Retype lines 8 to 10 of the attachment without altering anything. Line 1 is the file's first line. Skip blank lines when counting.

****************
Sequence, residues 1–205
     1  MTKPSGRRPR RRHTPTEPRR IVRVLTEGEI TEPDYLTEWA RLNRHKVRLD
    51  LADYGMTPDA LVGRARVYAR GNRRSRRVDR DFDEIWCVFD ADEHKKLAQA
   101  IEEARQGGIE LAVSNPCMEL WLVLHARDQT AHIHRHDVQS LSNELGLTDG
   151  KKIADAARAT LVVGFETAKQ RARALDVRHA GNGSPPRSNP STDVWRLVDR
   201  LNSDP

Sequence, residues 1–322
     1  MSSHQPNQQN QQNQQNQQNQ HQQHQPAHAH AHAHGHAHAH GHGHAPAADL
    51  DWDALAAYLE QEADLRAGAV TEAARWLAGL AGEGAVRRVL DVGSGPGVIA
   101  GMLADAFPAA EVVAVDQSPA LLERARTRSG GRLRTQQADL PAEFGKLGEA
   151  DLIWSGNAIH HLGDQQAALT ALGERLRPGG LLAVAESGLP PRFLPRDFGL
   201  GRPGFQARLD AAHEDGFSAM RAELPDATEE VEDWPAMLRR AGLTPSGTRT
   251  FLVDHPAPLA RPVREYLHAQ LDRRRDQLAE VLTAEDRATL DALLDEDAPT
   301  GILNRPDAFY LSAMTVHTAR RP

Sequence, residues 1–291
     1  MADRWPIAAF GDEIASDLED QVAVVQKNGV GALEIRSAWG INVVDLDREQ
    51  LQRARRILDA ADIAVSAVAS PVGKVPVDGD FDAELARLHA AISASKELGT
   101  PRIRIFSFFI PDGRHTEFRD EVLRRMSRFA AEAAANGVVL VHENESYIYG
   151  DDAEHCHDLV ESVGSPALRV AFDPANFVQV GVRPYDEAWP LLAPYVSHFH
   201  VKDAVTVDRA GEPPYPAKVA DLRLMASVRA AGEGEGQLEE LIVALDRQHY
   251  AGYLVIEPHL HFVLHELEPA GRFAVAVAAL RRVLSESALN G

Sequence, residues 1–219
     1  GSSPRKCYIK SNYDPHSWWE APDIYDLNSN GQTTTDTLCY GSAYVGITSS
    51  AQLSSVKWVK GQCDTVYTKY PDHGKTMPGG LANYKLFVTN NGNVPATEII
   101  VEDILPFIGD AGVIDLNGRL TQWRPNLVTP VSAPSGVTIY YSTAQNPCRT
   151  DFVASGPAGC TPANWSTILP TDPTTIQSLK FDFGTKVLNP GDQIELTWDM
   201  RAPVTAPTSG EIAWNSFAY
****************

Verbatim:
     1  MSSHQPNQQN QQNQQNQQNQ HQQHQPAHAH AHAHGHAHAH GHGHAPAADL
    51  DWDALAAYLE QEADLRAGAV TEAARWLAGL AGEGAVRRVL DVGSGPGVIA
   101  GMLADAFPAA EVVAVDQSPA LLERARTRSG GRLRTQQADL PAEFGKLGEA